Some people are advocating a part-time legislature in a bid to cut governing costs. Do you support this?

That is rubbish. If you are in parliament (legislature), you should be able to do your work well. Also, if you are a minister, it is a full-time job.

Do you agree that the salaries and other emoluments of our legislators are outrageous?

Their payments are a disaster. When I entered into the parliament, I was earning £800 a year. When I became minister, I was earning £3,000 a year; that was a lot of money in those days. But today, people want to go into politics and become billionaires overnight. That should not be allowed and if you replace them with the military, that is even worse.

How do you think Nigeria can tackle corruption?

Corruption has to do with leadership and the problem is that those who are ignorant come to power through the military, which is the launching pad for corruption. But if you have the right people contesting elections and staying there for a number of years prescribed by the constitution, like you have in America, there won’t be problems like we are having in Nigeria now.

Are you saying Nigerians should no longer vote for former military men?

They should not. Nigerians used public funds to buy guns and boots for them and those ones should stay out of politics. But some of them are retiring from military and joining politics. I don’t agree with what they are doing. What we have is a military government masquerading as civilian government. That is rubbish.

But what did you do differently in the second republic from what is happening now?

We had a presidential system of government under (Alhaji Shehu) Shagari and it was very good. When Shagari came in for the second term, they used military coup to drive him away, and from then till today, no matter what name you call it, it is still military rule (that has been) masquerading as civilian government(s).

Do you foresee a military coup?

No. I don’t even want them to come back. If they come back, it will only get worse. The consequences of their coming back will be terrible. The richest people in the country today are military men and those who had relationship one way or the other with them. I don’t want to say anything further on that but everybody knows.

How has Nigeria fared since the return to democracy in 1999?

It is 50:50. It is not too bad and it is not good but it could be better.

What do you think we can do as a nation to make the country better?

One, there should be no more military incursion into power again. Two, we should have the best brains in politics. Not messengers or thugs becoming governors and pretending to be governors and wanting power for themselves forever.

How can Nigeria achieve progress?

The best thing is not to follow the British structure. Also, the economy should be run by Nigerians and not foreigners. If you don’t do that, you know the consequences. Do you see the economy of America being run by foreigners? Do you see the economy of Britain run by foreigners? That is what I mean. But if you look at our economic structure now, it is not in our hands. It is being run by foreigners and everybody knows the truth.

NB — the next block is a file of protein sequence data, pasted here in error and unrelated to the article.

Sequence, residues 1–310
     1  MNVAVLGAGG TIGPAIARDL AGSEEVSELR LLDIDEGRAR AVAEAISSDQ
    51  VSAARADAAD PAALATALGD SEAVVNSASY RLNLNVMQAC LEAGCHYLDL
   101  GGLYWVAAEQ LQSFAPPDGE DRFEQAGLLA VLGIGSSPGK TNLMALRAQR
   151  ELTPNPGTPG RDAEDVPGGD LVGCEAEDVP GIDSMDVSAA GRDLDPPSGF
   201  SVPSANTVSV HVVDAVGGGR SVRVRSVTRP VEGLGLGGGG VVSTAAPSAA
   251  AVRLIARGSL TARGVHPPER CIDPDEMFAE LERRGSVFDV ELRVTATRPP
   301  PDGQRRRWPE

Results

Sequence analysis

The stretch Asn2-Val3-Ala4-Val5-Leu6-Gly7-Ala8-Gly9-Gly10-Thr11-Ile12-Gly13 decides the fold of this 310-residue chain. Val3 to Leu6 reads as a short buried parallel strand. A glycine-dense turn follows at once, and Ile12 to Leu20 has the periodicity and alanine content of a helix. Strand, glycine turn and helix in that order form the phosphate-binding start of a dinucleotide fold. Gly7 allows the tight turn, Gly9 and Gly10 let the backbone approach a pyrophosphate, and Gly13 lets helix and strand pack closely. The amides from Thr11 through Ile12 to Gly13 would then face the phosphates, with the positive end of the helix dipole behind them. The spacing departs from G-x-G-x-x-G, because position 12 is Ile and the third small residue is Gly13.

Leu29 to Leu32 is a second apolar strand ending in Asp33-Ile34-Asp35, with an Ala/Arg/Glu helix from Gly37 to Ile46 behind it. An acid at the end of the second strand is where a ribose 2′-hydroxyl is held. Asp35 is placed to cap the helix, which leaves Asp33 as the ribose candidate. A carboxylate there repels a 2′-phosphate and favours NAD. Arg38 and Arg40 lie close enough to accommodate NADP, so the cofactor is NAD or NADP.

How will you rate the performance of President Buhari since 2015?

Your guess is as good as mine. I should have preferred that (since) Buhari has got what he wanted, he should go and rest while others who are real politicians should come to power. But people don’t listen to the truth; they want half-truth and half falsehood.

What is your response to those in support of his return in 2019?

I just laugh at that. If he does that, it will be a big joke.

Are you saying he will not win?

I don’t know but it is going to be a very big joke.

What did you mean when you say Nigerians should go their separate ways?

The West should go their way likewise the East and let the Northerners decide what they want.

Is it through dialogue or by what means?

It should be through dialogue. I don’t believe in military coup; it has never worked anywhere and it can’t work in this country.

You were a minister of education in the first republic. What do you think Nigeria can do to revamp the education sector?

First, the universities should be adequately funded. I don’t see the best university in Nigeria today like we used to. Secondary schools have also collapsed. When I was doing Senior Cambridge, many of us came out with Grade 1, Grade 2 and Grade 3. And when I finished, I was given a scholarship to study in England and come back to teach. I accepted the letter but I didn’t accept the scholarship because my parents could afford to send me to England.

Can Nigeria learn anything from the report of the 2014 National Conference organised by the administration of former President Goodluck Jonathan?

The confab report should be implemented. I had the privilege of moving the final adoption of the report because I was part of the conference. The government should implement the report; to ignore it is to ignore the best thing for Nigeria. Former President Jonathan did well and I doff my hat to him.

Is it advisable that Nigeria should amend the 1999 constitution or drop it totally?

We should drop the 1999 constitution totally. I want to see western Nigeria as a sovereign state. Let the North be different and let the East be different. That is the way God created us; any other marriage is rubbish.

Posted On Sunday, 01 October 2017 13:02 Written by

Renowned banker and politician, Dr. Alex Otti, speaks to TOFARATI IGE, about his banking and political career

Why did you leave banking for politics?